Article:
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TTT Budapest – Report by Defne Erdur

Topics to work on, agreed upon by all the 7 teachers before meeting, were: - Education and creative thinking, personal development, art education... - Art Education: What is the role of “art” in your teaching practice? At what point does it become tangible?

Having come from a very hectic and unfortunate period in my country, I was not sure if I could function at this meeting. However, the way we decided to lead and moderate the meetings, and the means we utilized to discuss and come to decisions, made me feel so embraced and hopeful. I felt hope not only for my own teaching practice, but also for my country’s future. This week was like a trial demonstration for a more democratic, equal and humanistic method of living and teaching. In addition, the trial was really successful, inspiring and motivational for me.
We all were interested in “creativity” and “creative ways” in which to share knowledge. Moreover, it seemed that we also shared a common interest in “bridging life and art” and transmitting these views in our teaching practice.

Therefore, we took the risk and decided to function in unknown territory. We decided not to have a clear structure and plan for the arch of the week. We had an aim. We had tools and capabilities. We knew what we were doing. We knew why we were doing it. However, this time we allowed ourselves not to know how we were doing it! We had to negotiate each and every step, giving voice to all opinions surrounding the decision. Yes, it took more time to come to conclusions, but in the end, all the participants were able to find their own space in which they could function and have their needs met. We managed to establish a nice flow of exercises, discussions, games and presentations.

We were also very open and flexible within the structure that we created. The duties and exercises we realized together were distributed equally among us. Each participating teacher found his or her place in the group by “doing” things. All the teachers were able to share bits and pieces from their teaching practice. Although we did not have teaching sessions that involved the whole class, I personally felt that I could get an idea or feeling of what each and every participating teacher was focusing upon. I could sense what approaches they were utilizing and how they were transmitting their accumulated knowledge. Also, I was inspired by much of the sharing... It was so good to observe and experience different ways and approaches and relate them to my methods and interests...

Many useful points were raised during this week. As an active teacher, it was a pleasure to recognize once again that in teaching we do not only transmit content, but also energy, attitude and models for relating to information and human beings. It reminded me to pay attention to different means of transmission – i.e., audio, visual, kinaesthetic – since a learner may have different memory functions, different needs and qualities. Within this framework, another interesting topic to discuss was the relationship between the three main ingredients – student, teacher and the content of the class – and how to build trust-based bonds between the three for a healthy and fruitful educational environment. This led to discussions about being a teacher in an institutional context and the roles and deeds we are obliged to take on as educators operating in these institutions. Coming from a young institution, which is currently trying to restructure its curricula, I was happy to hear ideas from other teachers and learn about other institutional problems. Now, I can share these examples with my institution and shed light upon certain aspects from a more common ground.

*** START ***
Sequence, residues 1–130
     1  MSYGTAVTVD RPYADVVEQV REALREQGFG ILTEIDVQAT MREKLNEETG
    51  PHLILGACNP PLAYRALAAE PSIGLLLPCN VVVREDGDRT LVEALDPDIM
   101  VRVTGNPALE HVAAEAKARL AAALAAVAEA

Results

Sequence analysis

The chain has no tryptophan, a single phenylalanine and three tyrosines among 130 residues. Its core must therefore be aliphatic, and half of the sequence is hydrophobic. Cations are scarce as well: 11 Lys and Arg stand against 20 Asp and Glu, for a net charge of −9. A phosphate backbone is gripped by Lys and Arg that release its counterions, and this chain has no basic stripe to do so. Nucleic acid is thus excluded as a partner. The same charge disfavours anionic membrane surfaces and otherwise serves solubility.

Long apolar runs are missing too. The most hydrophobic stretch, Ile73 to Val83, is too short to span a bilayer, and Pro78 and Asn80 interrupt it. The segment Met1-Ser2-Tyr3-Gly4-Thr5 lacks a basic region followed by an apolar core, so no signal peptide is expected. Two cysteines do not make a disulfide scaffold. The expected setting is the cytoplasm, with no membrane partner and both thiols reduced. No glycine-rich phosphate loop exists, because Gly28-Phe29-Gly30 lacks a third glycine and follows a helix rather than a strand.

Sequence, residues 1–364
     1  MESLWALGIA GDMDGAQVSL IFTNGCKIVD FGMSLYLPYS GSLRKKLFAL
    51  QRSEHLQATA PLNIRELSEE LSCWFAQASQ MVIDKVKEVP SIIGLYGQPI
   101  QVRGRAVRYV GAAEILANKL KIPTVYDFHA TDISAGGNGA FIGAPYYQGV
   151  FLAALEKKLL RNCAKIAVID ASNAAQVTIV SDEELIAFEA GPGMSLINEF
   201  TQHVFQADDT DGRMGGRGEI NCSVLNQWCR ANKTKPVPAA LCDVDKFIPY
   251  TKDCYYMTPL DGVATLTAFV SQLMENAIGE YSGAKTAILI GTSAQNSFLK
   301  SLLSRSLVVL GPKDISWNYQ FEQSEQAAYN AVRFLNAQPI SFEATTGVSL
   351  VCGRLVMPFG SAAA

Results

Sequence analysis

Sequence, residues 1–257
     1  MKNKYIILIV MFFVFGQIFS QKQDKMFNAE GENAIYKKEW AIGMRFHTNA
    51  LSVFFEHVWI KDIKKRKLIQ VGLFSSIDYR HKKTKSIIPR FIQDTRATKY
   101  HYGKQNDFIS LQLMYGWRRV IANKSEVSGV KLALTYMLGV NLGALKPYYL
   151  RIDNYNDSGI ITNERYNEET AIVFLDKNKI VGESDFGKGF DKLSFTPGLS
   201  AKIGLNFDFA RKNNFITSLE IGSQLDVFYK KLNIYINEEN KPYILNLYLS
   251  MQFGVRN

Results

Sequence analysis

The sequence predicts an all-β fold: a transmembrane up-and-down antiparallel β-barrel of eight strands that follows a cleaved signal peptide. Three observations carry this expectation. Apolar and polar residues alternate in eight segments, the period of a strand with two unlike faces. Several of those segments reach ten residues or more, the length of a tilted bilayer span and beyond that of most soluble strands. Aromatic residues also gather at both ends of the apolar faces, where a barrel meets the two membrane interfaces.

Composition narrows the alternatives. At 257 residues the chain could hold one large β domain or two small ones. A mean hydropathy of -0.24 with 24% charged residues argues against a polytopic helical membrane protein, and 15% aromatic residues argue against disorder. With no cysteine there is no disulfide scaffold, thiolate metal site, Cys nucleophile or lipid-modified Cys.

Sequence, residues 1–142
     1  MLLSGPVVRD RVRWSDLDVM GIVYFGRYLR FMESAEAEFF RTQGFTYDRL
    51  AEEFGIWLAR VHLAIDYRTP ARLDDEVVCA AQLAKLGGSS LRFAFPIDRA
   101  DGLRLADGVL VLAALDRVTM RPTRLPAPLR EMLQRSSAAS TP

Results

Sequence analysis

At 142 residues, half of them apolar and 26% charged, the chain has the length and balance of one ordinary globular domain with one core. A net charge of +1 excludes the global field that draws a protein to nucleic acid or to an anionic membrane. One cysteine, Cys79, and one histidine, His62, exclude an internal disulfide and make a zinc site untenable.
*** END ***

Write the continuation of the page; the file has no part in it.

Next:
Towards the end of the week, as we prepared to share the results of our week’s research with the public, we returned to the topics of “teaching performance and the performance aspect of teaching itself”. Interestingly, due to the open and non-hierarchical structure we were working with, the “result” also happened to reflect this approach. We ended up creating a playful, trust-based, receiver-driven sharing
environment. All the material we used (books, sketches, audio recordings, music, games and instructional excerpts) were presented to the audience, and the audience was invited to choose from these as we went along. This way, any possible stress was lifted from the presenter’s shoulders. The emphasis was on horizontal sharing.

By the end, we realized that the audience was a bit lost and stressed at first, since this non-hierarchical structure (the sharing-harvesting circle) was new to them. Yet, as they found their own ways to relate to the material, they relaxed and even started to enjoy the process..I personally learned a lot from this “unknown” territory and am very much inspired to take this approach forward – not only in my teaching, but also in the interactions of my daily life. I should also state,that I am very thankful for having taken part in such research, since I am approaching the final steps of earning my PhD. It has stimulated
thought on many points that relate to my own research into “artist education on the transitive line between life and art”. It has motivated me to question many of the “conclusions” that I had already reached in my thesis. I hope to keep in touch with all the participants to elaborate further upon their points of view and to include these voices in my thesis. Moreover, I am inspired to carry on such meetings in my own
country, where local artists and teachers can come together to find innovative ways to function in this difficult period for my nation.

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